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About "Condition"

I have been an antique dealer for 15 years since 2006. During collecting and selling all the antiques, we will have to face a very realistic problem that is difficult to avoid, that is, the "condition" of the piece. Today, I would like to combine my more than ten years of experience in this industry, and explain my point of view by comparing the different understandings of "condition" in Oriental and Western cultures.

 

There is such a situation in the antique industry now. It is the phenomenon that new beginners in the market generally do not accept the pieces in the poor condition. They just think that only the piece in good condition is worth collecting. But in the actual fact, I don’t really think so. If we only judge from the monetary value of the piece by itself, this may be correct. Generally speaking, the value of the piece in a poor condition is only one-tenth of the total value of the piece that is in excellent condition. But from the perspective of the cultural value behind the piece, it is not inferior to the piece at all. For example, I used to own a Blue and White 'Three Friends' Daoguang porcelain bowl which is definitely correct and of the period, and everything is good except for the hairline near the mouth rim. There were a lot of inquiries, but in the end, after understanding the condition of the bowl, they withdrew one after another. Later, the bowl was sold to a senior local collector in Australia. After confirming the price and condition, he immediately accepted it. A few years later, when I met him and asked about the bowl again, he made no secret of saying that it had changed hands, and the price was several times than that of the previous year. This case can be approved that the current market still has a certain room for those pieces in poor condition. There are many senior collectors who insist on such a creed, that is, "I'd rather collect fine piece with bad condition rather than collecting the general piece".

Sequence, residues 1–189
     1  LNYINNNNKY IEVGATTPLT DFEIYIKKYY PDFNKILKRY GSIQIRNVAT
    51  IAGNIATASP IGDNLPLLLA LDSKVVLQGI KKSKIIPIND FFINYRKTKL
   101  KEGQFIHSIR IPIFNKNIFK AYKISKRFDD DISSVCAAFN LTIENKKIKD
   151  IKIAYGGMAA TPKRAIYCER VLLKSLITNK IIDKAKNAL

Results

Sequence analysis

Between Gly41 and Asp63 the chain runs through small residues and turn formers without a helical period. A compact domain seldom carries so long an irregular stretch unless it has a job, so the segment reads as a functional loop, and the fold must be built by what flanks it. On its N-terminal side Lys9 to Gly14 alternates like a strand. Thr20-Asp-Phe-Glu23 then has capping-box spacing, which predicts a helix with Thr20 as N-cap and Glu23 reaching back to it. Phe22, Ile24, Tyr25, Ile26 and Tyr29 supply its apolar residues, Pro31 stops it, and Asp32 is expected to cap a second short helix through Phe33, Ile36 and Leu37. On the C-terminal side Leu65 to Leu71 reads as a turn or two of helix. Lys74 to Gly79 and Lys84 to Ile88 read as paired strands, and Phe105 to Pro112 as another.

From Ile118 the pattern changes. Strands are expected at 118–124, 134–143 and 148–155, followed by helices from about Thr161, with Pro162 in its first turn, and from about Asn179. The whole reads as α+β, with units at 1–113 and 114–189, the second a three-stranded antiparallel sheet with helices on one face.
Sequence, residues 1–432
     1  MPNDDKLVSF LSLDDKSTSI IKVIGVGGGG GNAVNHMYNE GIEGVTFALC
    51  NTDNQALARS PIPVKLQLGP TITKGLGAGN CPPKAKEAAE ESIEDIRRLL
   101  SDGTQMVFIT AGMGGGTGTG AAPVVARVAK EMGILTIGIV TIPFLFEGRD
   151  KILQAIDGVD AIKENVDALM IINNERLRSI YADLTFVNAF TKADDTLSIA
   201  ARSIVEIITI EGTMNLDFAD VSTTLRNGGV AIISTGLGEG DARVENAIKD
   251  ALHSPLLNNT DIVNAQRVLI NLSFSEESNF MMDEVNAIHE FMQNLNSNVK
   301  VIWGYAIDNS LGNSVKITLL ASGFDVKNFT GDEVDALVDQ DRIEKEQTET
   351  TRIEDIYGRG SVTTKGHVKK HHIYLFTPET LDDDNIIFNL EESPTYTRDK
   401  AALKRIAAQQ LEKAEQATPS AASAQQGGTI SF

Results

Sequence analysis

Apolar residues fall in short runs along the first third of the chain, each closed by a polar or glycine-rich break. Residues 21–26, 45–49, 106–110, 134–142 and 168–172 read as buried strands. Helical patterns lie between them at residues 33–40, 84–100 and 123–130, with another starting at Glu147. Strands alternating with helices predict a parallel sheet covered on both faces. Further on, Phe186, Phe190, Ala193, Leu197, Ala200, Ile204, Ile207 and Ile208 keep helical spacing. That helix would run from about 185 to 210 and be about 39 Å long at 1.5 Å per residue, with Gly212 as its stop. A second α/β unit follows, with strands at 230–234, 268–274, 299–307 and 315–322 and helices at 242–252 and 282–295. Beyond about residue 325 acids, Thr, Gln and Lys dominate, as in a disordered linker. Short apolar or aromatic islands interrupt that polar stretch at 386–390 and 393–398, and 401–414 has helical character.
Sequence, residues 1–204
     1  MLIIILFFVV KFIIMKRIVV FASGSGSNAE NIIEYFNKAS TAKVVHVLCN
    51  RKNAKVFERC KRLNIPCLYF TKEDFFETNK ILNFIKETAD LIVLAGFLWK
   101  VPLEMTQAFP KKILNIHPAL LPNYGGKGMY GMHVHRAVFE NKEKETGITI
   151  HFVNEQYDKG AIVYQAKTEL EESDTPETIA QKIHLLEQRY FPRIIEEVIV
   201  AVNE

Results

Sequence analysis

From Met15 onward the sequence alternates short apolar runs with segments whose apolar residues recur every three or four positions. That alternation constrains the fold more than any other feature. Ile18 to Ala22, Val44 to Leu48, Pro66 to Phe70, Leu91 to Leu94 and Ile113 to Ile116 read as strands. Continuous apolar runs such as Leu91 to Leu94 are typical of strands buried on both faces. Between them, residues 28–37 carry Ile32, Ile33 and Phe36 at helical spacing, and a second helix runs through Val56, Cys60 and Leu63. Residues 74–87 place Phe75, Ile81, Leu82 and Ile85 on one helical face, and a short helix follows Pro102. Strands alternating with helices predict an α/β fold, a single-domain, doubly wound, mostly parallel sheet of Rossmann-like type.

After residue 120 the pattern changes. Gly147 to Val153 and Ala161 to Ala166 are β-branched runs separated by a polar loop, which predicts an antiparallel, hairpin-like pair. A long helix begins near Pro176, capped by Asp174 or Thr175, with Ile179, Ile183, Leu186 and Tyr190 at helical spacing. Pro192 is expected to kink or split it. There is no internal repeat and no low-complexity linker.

Now let’s examine the same situation in the Western cultures. As we all know, Australia is a multicultural country with the different immigrant from the different country. It is my fortunate to be able to live and work in such a country. Because of this, I also have the opportunity to get in touch with more Western collecting culture. For the Westerners, they don't particularly care about the condition of the piece. They think that after a collection has gone through the vicissitudes of history, it is very normal if it is slightly defective which just illustrates the historical value behind the piece. Just imagine, if the Venus sculpture still retains the original two arms, will she still be as "imaginative" as it is now? Many Westerners love to regard these broken pieces as Study Pieces, and they can also enjoy the fun of collecting while studying. This is the collecting method advocated by Westerners and it is a kind of sentiment.

In summary, I think that we should not treat the piece in poor condition with a repulsive attitude, and we should understand the historical and cultural value behind them. Sometimes, " I'd rather collect fine piece with bad condition rather than collecting the general piece " is also an alternative way for the antique collection.

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